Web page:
When asked to reflect on my time with the Firecrackers, because I was so young and it was so long ago, I drew a blank. After taking a minute to think about that time, however, I realize it was with the Firecrackers that I gained a lot of my softball knowledge and life lessons that I am still teaching to this day. I realize my time with the Firecrackers is where I learned to play the game the right way. Softball is such a grind and can be so difficult, and the Firecrackers is where I learned to fight, I learned to compete, I learned to be a good teammate, I learned time management, I learned how to be a leader, I learned sacrifice, and very importantly, I learned what a good coach is.
As an 8th and 9th grader, I was part of the Firecracker organization. Gary Wardein was our coach and Tony Rico was brought on early in his coaching career. We were somewhat learning together. He helped with hitters, but he also helped with the mental game. His demeanor was calming. He was never rattled and he calmly brought us through the ups and downs of a long season. He taught us how to be mentally tough and learn from our mistakes, but he did so without yelling. He had a quiet presence that you just didn’t want to disappoint. During our ASA Nationals in 1994, the equivalent of today’s PGF, our team came through the losers bracket to win 5 games on Sunday and become 14U National Champions. That accomplishment helped pave to way to greater things in my career and those of my teammates. I was fortunate to learn life lessons at such a young age that long, hot and humid Sunday.
After making a very difficult decision to leave the Firecrackers in my Sophomore year, I joined Gordon’s Panthers (18U), a team made up of future collegiate All-Americans and future Olympians. I was well prepared because of my time with the Firecrackers, and the coaching of Gary Wardein and Tony Rico. As a Panther, I was fortunate to go on and win ASA Nationals in 1996 and 1998, losing only in 1997 to the Batbusters.
All while my travel ball experience was going on, I was a student at Mater Dei High School (’94-’98), under the leadership of Doug Meyers. It was there where we put our grit and determination on display to win multiple CIF and State Championships, and we had so much fun doing it. Doug was the goofy one, who never took himself too seriously and would allow us to laugh through the process and have fun while doing so. He always had a smile on his face and jokes to tell and really lightened the mood practice after practice. It was a little more light hearted than travel ball, but we were every bit as determined.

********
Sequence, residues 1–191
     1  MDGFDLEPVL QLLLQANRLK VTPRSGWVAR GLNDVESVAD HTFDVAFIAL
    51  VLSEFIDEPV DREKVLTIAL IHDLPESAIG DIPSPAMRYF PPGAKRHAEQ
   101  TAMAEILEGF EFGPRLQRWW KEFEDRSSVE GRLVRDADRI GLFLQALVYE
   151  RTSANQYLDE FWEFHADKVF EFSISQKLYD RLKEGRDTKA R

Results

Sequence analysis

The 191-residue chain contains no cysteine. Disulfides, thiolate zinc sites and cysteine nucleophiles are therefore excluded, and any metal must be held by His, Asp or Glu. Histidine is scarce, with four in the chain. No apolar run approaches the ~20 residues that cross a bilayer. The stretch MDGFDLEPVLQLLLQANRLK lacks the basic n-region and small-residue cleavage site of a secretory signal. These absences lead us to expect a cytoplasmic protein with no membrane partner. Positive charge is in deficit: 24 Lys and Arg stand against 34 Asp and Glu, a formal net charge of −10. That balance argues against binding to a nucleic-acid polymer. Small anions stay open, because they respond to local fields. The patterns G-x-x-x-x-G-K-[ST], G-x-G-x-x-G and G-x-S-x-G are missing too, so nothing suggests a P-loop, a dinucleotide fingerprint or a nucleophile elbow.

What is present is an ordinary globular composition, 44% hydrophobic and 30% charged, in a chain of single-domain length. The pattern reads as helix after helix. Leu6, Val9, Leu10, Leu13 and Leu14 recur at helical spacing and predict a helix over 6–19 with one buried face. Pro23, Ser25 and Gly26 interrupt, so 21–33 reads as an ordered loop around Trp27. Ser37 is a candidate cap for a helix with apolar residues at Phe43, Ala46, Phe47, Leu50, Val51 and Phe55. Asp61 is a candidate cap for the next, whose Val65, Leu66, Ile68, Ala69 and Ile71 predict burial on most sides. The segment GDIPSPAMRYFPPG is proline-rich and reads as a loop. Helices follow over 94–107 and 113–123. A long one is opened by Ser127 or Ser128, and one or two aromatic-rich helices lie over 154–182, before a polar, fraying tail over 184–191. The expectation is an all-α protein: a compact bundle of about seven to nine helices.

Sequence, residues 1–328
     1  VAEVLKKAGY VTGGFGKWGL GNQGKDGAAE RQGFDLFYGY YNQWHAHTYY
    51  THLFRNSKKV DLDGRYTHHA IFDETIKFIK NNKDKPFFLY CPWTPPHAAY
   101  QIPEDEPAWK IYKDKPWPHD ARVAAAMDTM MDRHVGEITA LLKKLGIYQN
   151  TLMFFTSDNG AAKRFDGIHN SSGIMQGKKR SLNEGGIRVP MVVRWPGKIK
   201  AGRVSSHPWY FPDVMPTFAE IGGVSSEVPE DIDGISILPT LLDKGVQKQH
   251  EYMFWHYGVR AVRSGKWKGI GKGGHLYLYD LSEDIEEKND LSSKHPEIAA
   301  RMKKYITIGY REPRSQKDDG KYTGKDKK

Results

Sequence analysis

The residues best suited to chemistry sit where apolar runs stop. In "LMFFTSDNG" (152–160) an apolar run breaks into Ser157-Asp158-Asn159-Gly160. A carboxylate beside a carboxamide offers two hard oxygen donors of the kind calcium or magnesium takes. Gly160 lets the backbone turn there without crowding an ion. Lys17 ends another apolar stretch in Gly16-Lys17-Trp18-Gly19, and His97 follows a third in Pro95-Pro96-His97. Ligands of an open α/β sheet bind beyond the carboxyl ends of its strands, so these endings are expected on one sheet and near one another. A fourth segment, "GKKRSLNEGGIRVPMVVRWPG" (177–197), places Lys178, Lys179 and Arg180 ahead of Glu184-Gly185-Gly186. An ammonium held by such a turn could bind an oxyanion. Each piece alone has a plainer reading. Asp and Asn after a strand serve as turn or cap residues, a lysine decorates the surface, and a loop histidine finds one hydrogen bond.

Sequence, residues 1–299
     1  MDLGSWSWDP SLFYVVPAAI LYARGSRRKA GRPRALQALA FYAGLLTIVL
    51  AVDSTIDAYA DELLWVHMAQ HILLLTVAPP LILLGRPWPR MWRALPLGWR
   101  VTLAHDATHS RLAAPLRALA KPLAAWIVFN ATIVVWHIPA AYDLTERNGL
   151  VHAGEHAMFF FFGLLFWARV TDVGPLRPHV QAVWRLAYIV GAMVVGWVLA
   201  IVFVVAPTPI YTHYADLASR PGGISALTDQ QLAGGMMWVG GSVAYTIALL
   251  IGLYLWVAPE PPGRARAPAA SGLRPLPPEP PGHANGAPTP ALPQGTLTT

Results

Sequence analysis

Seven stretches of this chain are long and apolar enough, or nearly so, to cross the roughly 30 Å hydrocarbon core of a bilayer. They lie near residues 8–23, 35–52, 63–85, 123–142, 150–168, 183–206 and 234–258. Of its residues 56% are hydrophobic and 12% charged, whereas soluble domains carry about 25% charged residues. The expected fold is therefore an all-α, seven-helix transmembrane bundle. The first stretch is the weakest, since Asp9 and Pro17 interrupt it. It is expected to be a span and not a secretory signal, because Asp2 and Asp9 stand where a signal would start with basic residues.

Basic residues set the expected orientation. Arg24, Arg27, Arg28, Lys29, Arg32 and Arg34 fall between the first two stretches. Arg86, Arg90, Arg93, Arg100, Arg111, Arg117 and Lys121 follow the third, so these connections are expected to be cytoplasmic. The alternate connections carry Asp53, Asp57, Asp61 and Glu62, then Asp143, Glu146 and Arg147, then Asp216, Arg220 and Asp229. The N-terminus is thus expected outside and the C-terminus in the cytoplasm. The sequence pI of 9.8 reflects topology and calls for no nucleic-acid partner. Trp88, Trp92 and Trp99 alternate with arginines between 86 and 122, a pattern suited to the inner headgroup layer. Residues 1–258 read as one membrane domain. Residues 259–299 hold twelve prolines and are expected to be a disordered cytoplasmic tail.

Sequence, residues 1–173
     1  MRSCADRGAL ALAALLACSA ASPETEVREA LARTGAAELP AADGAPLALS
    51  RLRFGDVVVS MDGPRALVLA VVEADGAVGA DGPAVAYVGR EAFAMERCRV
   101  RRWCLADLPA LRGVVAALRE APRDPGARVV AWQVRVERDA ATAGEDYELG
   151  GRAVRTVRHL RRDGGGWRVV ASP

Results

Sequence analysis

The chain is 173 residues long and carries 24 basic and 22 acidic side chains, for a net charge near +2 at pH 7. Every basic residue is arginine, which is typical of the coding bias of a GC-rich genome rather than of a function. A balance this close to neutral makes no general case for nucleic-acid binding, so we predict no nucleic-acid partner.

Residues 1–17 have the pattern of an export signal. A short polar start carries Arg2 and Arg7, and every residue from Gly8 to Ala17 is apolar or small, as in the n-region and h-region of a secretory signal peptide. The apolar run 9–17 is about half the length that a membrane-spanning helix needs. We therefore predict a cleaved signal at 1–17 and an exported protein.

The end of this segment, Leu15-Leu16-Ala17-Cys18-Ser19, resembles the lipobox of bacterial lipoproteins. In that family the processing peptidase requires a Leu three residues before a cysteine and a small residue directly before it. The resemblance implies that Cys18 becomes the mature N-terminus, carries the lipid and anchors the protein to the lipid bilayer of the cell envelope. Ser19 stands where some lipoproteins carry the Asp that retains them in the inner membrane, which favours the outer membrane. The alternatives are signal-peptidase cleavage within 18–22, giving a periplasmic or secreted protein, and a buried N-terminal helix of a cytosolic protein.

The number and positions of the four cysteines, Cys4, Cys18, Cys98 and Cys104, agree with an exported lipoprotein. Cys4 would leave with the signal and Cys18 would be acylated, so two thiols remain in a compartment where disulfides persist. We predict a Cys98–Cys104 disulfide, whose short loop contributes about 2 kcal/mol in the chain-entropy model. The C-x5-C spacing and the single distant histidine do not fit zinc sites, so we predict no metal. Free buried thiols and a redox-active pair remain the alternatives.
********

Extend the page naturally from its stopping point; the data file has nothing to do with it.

Thank goodness recruiting was different then than it is today, and, while I am thankful for the new NCAA recruiting rules, I know it will take some time to get back to the “good ol’ days.” After my junior year, I starting receiving recruiting letters from Division 1 softball programs throughout the country and narrowed down my visit choices shortly after our loss in the finals at Nationals in OKC. Having a sister who went to Ohio State University, I knew I wanted to leave California. I did take a recruiting trip to UCLA, but then it was off to Ohio State, Notre Dame, and Michigan. I was fortunate to have former teammates at all these schools, so I felt I was really able to make the best decision for my four years of academics, softball, and beyond. I chose Michigan and I am forever thankful they chose me. When I got to Ann Arbor, I was more than prepared because of the combination of my coaches and competition I had faced growing up. During my career at Michigan, we won the Big-Ten Championship 3 times, and participated in the WCWS twice. I was honored to receive several team and conference awards, and was selected to the All-American Team twice. The relationships I made during my time at Michigan and the coaching I received on and off the field was invaluable. To this day, I am still learning from Hutch!!
As time passes, one might have to dig up the accolades and the championships, but what I don’t have to dig too deep to find, are the memories of my teammates, coaches, and the family we became. We all had a sense of naiveté that allowed us to develop at the proper pace, and we were out there because we loved the game and the people with whom we were surrounded. We were learning and doing things the right way. We were being taught to work harder, and not give up if we were unhappy. The coaches were trusted by the parents, who allowed the development to happen and not be forced to be “elite” at a young age. We were not chasing scholarships any longer; we were learning how to become good softball players who ended up doing great things.
I now live in Phoenix, Arizona with JJ, my husband of 16 years. We have 4 children (13,13, 9, 7) who we are training to bleed Maize and Blue from the desert. My life has come full circle, because I am now coaching for Arizona Storm. I am hoping to instill every ounce of knowledge I have learned, through the phenomenal coaches I had, to my players. I am reteaching everything taught to me on and off the field, including hard work, be a good teammate, trust the process, love the game, work through the ups and downs, and have fun while doing it!! Softball has taught me so much and made me who I am today. I truly love being outside with the girls watching them improve. They are making similar memories that I made of my travel ball days, and it allows me to think fondly of my time playing softball.